You know, I'm not sure why this question never came firmly into my mind before, but I'd guess it had something to do with being an advanced grad student a year ago who couldn't really imagine teaching anyone except undergrads. Here's the question:
How do you differentiate between courses you'd offer to undergrads, and those you'd offer to grad students?
Aside from a few basic meat-and-potatoes courses that one expects to teach in most departments — Introduction to Complexification Studies*, History of Complexification Theory, etc. — I'm not sure what hiring committees expect candidates to display in their syllabus portfolios. I've designed a bunch of syllabi that, for the most part, I envisioned as courses for undergrad majors who had already taken intro-level stuff. The trick here is that I have a fantastic undergrad alma mater (if I say so myself), where major-level course material was reliably challenging, and professors expected us to sweat out tough readings and essays. But that was a tiny elite school at which such work was par for the course. My experience at DOU has taught me that not every place can (or even should) operate like that.
So now I'm wondering: how do other academics decide that one syllabus is a doughty, drink-your-coffee advanced undergrad course, and another is sufficiently difficult and weighty that it should only be offered as a graduate course? I really don't know how much material is too much to expect for one group or another, not having actually taught these syllabi yet. The only comparative example I have seen is History of Complexification Theory, which I took as both an undergrad and a grad student. The difference there — sharp as it was! — was mostly one of degree rather than kind: more readings, more primary sources, more reaction papers, more participation at the grad level.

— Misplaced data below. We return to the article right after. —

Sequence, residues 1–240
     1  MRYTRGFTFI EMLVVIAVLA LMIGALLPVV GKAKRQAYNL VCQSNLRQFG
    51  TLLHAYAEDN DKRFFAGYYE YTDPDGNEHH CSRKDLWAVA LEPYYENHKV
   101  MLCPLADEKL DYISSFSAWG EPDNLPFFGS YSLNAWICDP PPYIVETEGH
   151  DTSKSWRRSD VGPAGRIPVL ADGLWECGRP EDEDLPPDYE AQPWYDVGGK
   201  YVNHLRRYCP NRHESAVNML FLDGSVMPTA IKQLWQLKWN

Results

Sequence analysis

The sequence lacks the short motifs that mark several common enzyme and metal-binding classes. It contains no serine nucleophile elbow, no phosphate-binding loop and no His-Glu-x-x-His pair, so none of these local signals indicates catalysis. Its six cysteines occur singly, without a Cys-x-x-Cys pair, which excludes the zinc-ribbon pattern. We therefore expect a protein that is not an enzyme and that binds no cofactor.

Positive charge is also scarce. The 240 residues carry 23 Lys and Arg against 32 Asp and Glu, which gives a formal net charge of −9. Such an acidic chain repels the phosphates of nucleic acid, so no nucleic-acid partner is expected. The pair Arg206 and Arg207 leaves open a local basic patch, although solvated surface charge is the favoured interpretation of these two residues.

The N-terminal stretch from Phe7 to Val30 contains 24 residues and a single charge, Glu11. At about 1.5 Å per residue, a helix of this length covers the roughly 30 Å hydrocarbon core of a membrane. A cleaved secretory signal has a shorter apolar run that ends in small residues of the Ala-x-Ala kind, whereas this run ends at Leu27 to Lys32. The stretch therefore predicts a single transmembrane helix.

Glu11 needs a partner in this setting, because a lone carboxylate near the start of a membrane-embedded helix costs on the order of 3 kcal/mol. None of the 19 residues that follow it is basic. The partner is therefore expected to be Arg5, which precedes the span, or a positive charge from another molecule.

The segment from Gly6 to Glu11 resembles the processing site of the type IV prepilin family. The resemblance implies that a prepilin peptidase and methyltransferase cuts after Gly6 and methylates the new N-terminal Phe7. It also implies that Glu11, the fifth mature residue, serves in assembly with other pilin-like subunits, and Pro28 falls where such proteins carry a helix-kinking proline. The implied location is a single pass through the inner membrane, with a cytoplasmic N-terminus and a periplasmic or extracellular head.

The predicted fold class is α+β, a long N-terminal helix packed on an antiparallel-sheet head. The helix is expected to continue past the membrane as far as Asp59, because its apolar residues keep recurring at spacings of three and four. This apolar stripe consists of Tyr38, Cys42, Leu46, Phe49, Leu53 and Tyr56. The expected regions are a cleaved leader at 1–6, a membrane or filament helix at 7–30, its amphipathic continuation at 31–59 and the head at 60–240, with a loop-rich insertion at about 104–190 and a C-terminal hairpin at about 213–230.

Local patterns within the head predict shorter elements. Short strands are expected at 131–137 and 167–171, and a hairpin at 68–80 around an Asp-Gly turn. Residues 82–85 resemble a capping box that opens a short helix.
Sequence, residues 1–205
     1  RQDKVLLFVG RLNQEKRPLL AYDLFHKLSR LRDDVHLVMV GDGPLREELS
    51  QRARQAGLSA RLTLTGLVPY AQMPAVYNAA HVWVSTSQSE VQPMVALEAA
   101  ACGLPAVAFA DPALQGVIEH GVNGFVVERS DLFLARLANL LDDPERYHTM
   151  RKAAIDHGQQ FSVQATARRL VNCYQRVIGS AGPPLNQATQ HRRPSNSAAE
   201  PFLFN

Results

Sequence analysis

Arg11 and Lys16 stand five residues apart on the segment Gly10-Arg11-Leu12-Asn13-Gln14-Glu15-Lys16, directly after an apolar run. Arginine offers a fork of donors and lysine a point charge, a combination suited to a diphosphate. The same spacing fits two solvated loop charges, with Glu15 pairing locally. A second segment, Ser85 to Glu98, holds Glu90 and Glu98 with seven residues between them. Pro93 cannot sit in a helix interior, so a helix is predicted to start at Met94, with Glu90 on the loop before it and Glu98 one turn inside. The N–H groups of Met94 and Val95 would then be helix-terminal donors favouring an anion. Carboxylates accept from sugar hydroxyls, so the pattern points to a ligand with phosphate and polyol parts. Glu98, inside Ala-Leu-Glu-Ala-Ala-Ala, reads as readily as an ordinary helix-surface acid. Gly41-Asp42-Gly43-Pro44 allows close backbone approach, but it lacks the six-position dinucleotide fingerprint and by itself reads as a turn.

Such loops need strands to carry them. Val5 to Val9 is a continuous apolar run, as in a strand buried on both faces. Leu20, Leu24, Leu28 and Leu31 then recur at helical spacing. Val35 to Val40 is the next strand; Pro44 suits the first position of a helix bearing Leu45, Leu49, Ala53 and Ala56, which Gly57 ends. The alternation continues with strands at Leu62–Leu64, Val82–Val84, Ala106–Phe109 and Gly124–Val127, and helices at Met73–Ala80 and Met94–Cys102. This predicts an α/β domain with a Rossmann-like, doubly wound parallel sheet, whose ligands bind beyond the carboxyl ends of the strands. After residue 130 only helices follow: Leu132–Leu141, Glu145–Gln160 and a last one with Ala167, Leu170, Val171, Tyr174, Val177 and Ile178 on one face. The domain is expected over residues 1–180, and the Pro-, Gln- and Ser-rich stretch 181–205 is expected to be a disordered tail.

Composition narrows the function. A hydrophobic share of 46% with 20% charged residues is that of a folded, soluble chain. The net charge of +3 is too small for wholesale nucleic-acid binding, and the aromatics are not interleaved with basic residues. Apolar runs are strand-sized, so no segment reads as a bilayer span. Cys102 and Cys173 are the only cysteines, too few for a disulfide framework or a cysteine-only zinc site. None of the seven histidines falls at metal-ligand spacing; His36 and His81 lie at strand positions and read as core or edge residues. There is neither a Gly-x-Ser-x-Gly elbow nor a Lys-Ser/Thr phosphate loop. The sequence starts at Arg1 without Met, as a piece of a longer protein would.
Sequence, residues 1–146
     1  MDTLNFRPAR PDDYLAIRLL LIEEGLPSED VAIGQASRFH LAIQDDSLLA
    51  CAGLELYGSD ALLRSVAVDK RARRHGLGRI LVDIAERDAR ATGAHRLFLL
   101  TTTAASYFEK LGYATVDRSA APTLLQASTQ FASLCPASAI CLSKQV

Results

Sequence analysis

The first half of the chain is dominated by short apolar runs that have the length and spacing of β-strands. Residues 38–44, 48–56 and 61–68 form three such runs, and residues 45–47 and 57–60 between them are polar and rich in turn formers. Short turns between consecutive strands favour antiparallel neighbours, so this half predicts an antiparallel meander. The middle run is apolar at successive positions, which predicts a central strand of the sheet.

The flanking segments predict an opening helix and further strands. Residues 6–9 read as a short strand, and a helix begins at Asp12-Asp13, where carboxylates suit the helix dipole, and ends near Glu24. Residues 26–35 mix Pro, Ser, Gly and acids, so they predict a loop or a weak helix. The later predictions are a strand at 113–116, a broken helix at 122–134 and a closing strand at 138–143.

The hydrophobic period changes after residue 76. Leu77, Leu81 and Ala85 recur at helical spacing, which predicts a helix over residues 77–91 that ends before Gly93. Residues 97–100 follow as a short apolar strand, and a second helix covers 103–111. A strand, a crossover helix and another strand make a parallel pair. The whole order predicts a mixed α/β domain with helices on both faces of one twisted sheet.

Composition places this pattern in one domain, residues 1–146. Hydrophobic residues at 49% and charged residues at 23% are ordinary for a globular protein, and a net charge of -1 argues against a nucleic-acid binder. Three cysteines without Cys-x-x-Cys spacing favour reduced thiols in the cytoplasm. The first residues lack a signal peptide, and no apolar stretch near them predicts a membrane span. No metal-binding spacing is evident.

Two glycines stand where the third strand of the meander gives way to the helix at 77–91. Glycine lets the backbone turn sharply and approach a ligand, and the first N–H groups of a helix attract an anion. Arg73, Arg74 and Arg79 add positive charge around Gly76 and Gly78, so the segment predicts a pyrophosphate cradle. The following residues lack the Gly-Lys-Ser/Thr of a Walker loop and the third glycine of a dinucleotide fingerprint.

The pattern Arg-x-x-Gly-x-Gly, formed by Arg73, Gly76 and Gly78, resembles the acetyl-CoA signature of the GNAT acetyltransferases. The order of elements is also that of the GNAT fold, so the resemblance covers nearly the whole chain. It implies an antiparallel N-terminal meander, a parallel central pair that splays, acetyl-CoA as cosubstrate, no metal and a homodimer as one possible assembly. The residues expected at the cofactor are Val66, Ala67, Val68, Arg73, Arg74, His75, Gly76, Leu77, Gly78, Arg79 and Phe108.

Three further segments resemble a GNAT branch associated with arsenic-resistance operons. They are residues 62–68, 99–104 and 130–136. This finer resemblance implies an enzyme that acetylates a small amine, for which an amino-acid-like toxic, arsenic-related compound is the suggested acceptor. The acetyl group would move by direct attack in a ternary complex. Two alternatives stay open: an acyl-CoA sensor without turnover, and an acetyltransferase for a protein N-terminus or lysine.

I don't know if other disciplines will recognize this trend, but in my world, I also note that grad courses often sound way sexier and cooler than undergrad offerings. Look at the catalog, and you'll see undergrad courses like:
Complexification Subfield A
Topics in Complexification Subfield B
Survey of Complexification Subfield C
Flip over to the grad courses, though, and you'll see:
Two Apparently Unconnected Things Juxtaposed to Suggest an Insidious and Fascinating Structural Relationship
Going Beyond All This Subfield Shit
Broadside Critiques of Complexification Studies by Its Own Practitioners
And so on.
So how do I figure out what I'm working with, anyway? I worry that my inclinations lead me to structure undergrad syllabi that seem too difficult for even driven majors to work through. But I've never even seriously attempted a graduate syllabus. What does one attempt to do with such things at each level? I just want to read, listen to, and watch cool stuff and discuss it all with my students. Where does the undergrad-appropriate level end and the grad level begin?
*Yes, I am outright homaging/borrowing/stealing Profgrrrrl's handy term, since I continue to flail uselessly in my attempt to establish my own pseudonymous term for my work.
1 year ago